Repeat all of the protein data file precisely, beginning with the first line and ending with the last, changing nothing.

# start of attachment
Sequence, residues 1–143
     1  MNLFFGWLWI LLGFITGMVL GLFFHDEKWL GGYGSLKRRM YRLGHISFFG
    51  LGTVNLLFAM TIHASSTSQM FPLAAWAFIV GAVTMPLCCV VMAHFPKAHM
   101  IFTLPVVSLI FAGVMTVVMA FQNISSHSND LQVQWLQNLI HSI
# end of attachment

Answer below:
Sequence, residues 1–143
     1  MNLFFGWLWI LLGFITGMVL GLFFHDEKWL GGYGSLKRRM YRLGHISFFG
    51  LGTVNLLFAM TIHASSTSQM FPLAAWAFIV GAVTMPLCCV VMAHFPKAHM
   101  IFTLPVVSLI FAGVMTVVMA FQNISSHSND LQVQWLQNLI HSI